2.  When highly diluting GMS with hard water, the  water must be correctly acidified to avoid chemical interactions.  (See The Growers Solution, Summer 2000, Vol. 13, Issue 3. for dealing with hard water situations.) (See second shaded area.)

    3.  GMS applied with the glyphosate has helped fight off yield lag, effected by the chelation elements in GMS and confirming what  The Furrow article suggested be used. 

    4.  Some GMS representatives have clients reduce their glyphosate rates when applying it with GMS, saying it helps keep the spray cost down, although weed species and infestation can influence this decision.  Others feel a lighter glyphosate rate is less harsh to the plant environment and will help increase yield.  The researchers in "Missing Micronutrients" seem to back up this idea with their discussion on soil microbes and plant exudates.

    5.  Some companies believe glyphosate works better when sprayed during the heat of the day, but our experience does not confirm this thought, especially when used with GMS.

Finally, Don Huber and Barney Gordon suggest manganese deficiencies not only affect soybeans, but also glyphosate resistant corn.  And, they contend manganese is not the only micronutrient element affected, but that zinc or iron absorption may also be impaired.  Anyone using glyphosate resistant soybean or corn plants for silage or hay can recognize and understand Huber's and Gordon's conclusions.  Namely, that manganese deficiencies cause yield reductions in glyphosate soybeans, and in significantly lower manganese concentrations in above ground plant parts.  This means it is possible to have lower levels of zinc and manganese in silage and hay crops which would affect the immune systems of the animals consuming them.

Many customers have found increased micronutrient levels in their silages and hays after foliage spraying them with GMS as recommended by their Growers representatives. 

Foliar spraying GMS might well be the best way to overcome the negatives of glyphosate sprays and their resistant gene insertions.

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GMS has usually been recommended to be applied straight, or undiluted, for different reasons, one is that the water used for dilution could have complicating chemistry problems.  Likewise, because the water volumes recommended for glyphosate spray coverage, diluting water quality (hardness) must be considered when GMS is to be included in the spray.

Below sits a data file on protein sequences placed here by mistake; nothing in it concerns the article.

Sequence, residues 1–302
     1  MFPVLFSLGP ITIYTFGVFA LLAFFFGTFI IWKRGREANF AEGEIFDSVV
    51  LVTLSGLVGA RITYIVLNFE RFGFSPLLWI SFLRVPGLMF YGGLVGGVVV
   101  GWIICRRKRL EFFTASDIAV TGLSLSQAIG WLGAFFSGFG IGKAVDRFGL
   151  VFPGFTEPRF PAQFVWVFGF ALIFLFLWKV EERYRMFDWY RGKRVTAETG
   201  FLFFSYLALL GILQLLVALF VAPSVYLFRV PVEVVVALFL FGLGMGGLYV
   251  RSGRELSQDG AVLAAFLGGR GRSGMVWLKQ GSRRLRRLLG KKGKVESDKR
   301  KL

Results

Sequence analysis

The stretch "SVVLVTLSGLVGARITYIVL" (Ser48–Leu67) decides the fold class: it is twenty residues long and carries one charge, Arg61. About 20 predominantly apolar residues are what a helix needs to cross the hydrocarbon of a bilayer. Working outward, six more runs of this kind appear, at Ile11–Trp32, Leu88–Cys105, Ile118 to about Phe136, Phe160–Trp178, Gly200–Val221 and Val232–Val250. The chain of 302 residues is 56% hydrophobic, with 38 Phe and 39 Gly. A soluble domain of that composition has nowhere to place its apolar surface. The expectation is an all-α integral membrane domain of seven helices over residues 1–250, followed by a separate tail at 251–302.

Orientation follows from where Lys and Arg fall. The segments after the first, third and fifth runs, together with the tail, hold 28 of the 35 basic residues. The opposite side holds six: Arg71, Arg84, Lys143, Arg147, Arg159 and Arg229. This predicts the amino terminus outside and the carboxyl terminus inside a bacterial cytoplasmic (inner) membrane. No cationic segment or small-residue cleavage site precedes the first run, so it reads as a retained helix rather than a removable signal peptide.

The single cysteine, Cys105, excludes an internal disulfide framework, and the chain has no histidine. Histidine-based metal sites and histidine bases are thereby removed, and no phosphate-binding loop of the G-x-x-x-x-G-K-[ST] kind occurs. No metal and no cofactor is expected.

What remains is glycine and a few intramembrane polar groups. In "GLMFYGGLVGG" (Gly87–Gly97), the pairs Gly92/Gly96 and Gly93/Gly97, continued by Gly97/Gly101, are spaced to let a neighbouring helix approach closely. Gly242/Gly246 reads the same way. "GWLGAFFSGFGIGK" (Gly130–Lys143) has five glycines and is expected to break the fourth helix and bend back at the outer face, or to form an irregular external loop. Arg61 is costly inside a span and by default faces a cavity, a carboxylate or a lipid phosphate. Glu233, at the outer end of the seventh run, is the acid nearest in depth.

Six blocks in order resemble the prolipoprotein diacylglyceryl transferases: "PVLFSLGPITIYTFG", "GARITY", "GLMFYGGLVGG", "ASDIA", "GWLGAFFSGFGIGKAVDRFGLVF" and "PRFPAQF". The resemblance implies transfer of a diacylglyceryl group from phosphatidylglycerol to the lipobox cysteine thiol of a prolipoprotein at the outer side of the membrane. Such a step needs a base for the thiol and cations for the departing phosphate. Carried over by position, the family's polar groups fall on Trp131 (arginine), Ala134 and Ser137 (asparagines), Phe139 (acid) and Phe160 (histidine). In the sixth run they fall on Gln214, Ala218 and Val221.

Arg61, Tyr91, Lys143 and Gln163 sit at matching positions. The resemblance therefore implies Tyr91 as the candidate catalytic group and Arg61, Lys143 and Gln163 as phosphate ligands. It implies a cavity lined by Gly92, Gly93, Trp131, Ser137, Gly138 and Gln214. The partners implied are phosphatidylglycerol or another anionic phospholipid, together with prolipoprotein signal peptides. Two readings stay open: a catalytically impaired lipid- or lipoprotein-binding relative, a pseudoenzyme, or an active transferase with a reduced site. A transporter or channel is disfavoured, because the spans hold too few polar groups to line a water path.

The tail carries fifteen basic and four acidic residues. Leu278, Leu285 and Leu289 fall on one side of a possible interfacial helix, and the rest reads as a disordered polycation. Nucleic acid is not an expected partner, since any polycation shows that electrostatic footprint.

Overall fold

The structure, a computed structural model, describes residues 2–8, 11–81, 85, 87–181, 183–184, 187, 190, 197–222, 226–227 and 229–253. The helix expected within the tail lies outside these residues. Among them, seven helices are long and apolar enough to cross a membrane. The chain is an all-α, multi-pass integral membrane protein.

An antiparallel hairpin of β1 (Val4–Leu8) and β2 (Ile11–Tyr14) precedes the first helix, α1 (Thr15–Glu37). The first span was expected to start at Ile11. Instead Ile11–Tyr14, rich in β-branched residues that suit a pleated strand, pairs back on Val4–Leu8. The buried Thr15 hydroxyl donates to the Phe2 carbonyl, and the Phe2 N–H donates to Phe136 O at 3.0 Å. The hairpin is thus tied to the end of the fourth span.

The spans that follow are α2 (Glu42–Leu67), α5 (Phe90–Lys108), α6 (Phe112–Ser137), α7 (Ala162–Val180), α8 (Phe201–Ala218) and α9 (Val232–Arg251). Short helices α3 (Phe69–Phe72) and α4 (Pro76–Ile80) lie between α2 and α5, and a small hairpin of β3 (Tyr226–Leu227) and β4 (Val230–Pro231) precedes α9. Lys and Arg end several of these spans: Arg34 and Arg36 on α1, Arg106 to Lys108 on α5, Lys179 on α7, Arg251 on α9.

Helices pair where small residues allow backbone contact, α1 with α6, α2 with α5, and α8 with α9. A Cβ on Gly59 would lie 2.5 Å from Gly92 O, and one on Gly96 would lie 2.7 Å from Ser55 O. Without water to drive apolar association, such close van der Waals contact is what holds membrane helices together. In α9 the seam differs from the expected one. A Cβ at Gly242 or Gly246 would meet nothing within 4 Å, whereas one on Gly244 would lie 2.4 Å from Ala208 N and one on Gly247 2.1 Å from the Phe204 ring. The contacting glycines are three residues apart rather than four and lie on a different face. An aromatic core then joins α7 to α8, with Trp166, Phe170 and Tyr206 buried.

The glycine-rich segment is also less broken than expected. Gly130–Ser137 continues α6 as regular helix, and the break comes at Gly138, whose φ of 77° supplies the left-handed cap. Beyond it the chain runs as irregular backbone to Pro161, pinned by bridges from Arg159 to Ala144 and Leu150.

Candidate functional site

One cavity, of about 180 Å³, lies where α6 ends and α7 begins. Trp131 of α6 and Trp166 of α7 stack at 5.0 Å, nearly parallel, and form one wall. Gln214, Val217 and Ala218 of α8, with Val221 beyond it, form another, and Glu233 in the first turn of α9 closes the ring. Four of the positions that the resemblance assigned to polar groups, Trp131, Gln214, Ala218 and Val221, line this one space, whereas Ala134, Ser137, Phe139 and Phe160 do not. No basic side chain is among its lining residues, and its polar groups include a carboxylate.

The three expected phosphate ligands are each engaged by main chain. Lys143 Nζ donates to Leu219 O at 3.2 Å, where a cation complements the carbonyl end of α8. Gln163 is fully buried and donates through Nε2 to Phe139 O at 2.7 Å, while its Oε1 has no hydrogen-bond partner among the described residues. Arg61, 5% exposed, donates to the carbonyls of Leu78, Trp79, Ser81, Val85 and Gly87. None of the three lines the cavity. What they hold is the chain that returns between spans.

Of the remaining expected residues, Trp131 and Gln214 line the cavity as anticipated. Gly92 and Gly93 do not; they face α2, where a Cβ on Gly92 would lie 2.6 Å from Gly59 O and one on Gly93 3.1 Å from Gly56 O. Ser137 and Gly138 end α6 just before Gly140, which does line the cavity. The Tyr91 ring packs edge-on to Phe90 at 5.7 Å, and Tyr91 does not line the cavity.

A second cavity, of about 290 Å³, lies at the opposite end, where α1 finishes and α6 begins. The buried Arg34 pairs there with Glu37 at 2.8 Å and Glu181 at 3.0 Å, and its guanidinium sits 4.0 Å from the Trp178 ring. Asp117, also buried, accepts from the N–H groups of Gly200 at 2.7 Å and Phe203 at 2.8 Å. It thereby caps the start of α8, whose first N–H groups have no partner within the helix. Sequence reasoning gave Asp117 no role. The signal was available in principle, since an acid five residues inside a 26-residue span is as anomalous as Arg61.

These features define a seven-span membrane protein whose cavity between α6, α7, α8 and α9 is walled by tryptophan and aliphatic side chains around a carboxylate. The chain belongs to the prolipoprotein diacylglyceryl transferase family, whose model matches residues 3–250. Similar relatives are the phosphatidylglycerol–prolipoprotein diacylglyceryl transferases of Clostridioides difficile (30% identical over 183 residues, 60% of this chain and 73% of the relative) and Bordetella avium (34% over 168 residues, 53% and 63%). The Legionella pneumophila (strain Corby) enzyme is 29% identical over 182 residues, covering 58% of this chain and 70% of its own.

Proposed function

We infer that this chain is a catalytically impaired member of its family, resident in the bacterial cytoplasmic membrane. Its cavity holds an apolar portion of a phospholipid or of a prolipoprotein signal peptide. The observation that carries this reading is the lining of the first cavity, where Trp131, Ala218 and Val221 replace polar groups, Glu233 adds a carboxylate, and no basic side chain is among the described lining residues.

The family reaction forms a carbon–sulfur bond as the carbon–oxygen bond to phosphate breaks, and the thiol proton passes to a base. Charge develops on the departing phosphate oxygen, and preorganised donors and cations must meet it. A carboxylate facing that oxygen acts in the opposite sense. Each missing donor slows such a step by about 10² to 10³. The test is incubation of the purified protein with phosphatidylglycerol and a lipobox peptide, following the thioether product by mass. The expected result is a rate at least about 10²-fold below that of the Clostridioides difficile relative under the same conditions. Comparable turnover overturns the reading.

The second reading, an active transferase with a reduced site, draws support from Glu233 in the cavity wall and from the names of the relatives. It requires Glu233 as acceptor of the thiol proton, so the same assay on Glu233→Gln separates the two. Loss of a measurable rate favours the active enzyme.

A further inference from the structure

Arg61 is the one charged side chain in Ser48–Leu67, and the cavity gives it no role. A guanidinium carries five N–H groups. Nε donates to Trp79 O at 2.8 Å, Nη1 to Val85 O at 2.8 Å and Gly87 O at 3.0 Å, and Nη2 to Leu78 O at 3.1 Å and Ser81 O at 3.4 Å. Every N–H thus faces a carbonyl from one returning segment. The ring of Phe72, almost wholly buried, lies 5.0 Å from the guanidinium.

Below are pictures showing how water quality can affect the spray effectiveness of GMS.  Each of the three bottles has 10 parts water mixed with l part GMS. 

 

GMS-in-mixtures.jpg

 

The bottle on the left has soft rain water (with dissolved solids readings of 0 - 20 µmhos, or 3 grains or less +/-) mixed with GMS, resulting in practically no nutrient precipitation and making most all the minerals in GMS available to the plants being sprayed.

The center bottle has semi-hard water (dissolved solids of 600 - 650 µmhos, or 12 - 15 grains +/-) mixed with GMS, resulting in some precipitation which indicates some of the minerals in GMS are "tied up," and will not be available to the plants being sprayed.

The right hand bottle has hard water (dissolved solids of 1500 - 1700 µmhos, or 70 - 75 grains +/-) mixed with GMS resulting in significant precipitation.  This indicates a large percentage of the GMS's beneficial minerals are "tied up," or not usable, seriously reducing the nutritional benefits intended for the plants being sprayed.

The water in the center and right hand bottles should be treated, acidified, or in someway, neutralized, so that the useful minerals in the GMS do not precipitate.